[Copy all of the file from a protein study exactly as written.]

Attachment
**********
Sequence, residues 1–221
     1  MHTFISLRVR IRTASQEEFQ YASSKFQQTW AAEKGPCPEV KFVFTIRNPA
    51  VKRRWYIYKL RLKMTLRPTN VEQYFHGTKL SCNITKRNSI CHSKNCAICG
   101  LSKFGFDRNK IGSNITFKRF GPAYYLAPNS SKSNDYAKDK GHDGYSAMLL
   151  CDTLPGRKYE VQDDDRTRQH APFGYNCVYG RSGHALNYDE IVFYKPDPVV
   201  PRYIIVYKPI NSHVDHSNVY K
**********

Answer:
Sequence, residues 1–221
     1  MHTFISLRVR IRTASQEEFQ YASSKFQQTW AAEKGPCPEV KFVFTIRNPA
    51  VKRRWYIYKL RLKMTLRPTN VEQYFHGTKL SCNITKRNSI CHSKNCAICG
   101  LSKFGFDRNK IGSNITFKRF GPAYYLAPNS SKSNDYAKDK GHDGYSAMLL
   151  CDTLPGRKYE VQDDDRTRQH APFGYNCVYG RSGHALNYDE IVFYKPDPVV
   201  PRYIIVYKPI NSHVDHSNVY K